At the close of 2015 there were 439 operable nuclear reactors around the world. 1 Nuclear power production creates roughly 10% of the world's electricity supply. The industry representative, The World Nuclear Association, aims to increase that figure to 25% by 2050 and to that end, 66 new civil power reactors are under construction around the world and another 158 in planning stages. On average, reactors take about 6 years to build and last for 60.
Despite a reputation tarnished by association with nuclear weaponry, reactor meltdowns at Three Mile Island (1979), Chernobyl (1986), and Fukushima (2013) and fears regarding waste stock-piles, the nuclear energy industry stands to benefit from its carbon neutral status. Although it uses significant amounts of water in its process, nuclear energy production can produce prodigious amounts of energy from relatively minor inputs. A kilogram of uranium 235, which constitutes 0.72% of mined uranium, releases the energy equivalent to 2,700 tons of coal. Estimates of global uranium supplies vary from lasting 80-270 years.
The World Nuclear Association calculates that "[g]enerating enough electricity for one person produces just 30 grams of used fuel each year." 2 Used nuclear fuel, however, is radioactive and cancerous. There is about 240,000 tons of used fuel in storage world-wide, much of it at reactor sites. It must be stored inside thick structures of concrete or steel, or covered by a few meters of water for up to 50 years before its radioactivity has dropped to relatively safe levels.
Each year, nuclear power generation facilities worldwide produce about 200,000 m3 of low and intermediate level radioactive waste, and about 10,000 m3 of high level waste. A typical 1000 MWe light water reactor will generate about 200-350 m3 low and intermediate level waste per year. This compares with an average 400,000 tons of ash produced from a coal-fired plant of the same power capacity. When nuclear power plants shut down, they are either dismantled and decontaminated or enclosed to await dismantling or, if radioactive material is to remain in situ, the whole facility is 'entombed'.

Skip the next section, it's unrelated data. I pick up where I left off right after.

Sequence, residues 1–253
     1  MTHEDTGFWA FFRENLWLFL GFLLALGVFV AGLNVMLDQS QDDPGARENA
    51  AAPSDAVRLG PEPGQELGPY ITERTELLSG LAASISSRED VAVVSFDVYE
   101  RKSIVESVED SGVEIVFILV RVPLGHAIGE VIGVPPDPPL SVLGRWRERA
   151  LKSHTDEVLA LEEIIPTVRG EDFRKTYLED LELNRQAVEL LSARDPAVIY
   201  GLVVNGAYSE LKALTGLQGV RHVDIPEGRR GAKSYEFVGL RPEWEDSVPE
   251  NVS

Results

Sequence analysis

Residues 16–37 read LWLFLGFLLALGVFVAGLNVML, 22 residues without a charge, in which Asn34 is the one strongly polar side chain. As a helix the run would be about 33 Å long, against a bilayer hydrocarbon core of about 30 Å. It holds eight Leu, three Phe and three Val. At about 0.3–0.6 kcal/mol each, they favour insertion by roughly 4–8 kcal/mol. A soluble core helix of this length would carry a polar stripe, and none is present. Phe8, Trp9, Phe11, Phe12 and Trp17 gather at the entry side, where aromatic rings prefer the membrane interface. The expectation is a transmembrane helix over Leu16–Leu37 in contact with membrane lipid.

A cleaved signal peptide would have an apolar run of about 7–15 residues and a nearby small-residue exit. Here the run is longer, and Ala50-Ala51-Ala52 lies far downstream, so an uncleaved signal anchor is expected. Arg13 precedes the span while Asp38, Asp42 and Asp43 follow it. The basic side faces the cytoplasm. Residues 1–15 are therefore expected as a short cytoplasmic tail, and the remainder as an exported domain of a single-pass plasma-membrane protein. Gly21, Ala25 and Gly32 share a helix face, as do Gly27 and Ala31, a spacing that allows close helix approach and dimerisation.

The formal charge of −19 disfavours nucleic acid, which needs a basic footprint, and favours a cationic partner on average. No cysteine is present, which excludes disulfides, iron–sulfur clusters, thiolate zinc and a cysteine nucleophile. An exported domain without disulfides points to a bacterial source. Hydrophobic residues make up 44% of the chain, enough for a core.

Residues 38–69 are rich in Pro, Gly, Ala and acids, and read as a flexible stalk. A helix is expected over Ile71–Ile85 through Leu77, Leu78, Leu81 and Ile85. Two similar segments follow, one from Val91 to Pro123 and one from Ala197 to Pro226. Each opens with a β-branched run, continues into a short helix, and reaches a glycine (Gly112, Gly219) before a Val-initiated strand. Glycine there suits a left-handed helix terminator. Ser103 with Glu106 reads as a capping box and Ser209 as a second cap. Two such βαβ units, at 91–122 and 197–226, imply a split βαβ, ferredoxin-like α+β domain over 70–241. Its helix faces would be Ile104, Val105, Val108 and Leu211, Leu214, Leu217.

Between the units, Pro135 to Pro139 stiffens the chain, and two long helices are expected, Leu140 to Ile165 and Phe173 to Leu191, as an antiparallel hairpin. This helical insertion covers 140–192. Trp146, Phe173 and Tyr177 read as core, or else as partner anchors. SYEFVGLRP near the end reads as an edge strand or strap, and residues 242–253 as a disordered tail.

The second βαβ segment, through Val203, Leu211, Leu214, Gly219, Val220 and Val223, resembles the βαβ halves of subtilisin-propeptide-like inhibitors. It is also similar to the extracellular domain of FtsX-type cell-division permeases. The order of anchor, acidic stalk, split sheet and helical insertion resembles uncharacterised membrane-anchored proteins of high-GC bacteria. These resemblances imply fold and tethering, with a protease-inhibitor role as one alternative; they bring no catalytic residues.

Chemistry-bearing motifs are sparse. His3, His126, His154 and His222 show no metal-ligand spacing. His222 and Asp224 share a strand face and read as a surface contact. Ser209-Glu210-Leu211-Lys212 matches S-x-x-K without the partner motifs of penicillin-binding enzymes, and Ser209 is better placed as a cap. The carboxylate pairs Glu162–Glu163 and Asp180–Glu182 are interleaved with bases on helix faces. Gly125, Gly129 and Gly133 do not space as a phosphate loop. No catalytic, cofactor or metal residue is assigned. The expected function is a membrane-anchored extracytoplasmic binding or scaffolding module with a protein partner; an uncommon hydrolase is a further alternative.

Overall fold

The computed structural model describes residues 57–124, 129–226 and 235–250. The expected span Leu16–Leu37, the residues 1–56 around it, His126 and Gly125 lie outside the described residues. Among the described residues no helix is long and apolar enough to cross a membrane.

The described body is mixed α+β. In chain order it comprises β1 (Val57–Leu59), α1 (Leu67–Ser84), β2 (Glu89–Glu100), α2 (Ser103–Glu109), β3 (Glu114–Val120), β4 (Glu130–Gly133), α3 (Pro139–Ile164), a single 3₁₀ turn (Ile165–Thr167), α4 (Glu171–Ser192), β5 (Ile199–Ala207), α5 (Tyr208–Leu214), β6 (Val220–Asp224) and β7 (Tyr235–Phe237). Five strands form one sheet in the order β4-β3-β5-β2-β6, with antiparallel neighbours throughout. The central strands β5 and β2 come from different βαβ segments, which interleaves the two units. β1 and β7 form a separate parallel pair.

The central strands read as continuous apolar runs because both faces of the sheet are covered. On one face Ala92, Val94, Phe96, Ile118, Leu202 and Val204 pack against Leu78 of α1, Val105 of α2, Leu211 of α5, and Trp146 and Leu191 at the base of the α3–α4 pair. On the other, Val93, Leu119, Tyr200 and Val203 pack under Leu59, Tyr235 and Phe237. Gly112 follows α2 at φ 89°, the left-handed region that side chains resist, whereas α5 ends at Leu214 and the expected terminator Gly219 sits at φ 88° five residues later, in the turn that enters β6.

1 World Nuclear Association, "World Nuclear Performance Report 2016," http://www.world-nuclear.org/our-association/publications/online-reports/world-nuclear-performance-report-2016.aspx (accessed September 9, 2016).
2 World Nuclear Association, "What are nuclear wastes and how are they managed?" http://www.world-nuclear.org/nuclear-basics/what-are-nuclear-wastes.aspx (accessed September 9, 2016).
1. Nuclear Reactors
"Operational Nuclear Reactors," The Guardian, data sourced from the World Nuclear Association, https://www.theguardian.com/news/datablog/2011/mar/18/nuclear-reactors-power-stations-world-list-map#data (accessed June 21, 2015).
2. Nuclear Accidents
Benjamin K. Sovacool, "The Cost of failure: A preliminary assessment of major energy accidents, 1907-2007," Energy Policy 36, no. 5 (2008): 1802-1820.
"Nuclear power plant accidents: listed and ranked since 1952," The Guardian, data partially sourced from the International Atomic Energy Authority, https://www.theguardian.com/news/datablog/2011/mar/14/nuclear-power-plant-accidents-list-rank#data (accessed June 21, 2015).
3. National Uranium Deposits
International Atomic Energy Agency (IAEA): Integrated Nuclear Fuel Cycle Information Systems (INFCIS), "World Distribution of Uranium Deposits," https://infcis.iaea.org/UDEPO/UDEPOMain.asp?Order=1&RPage=1&Page=1&RightP=List (accessed June 21, 2015).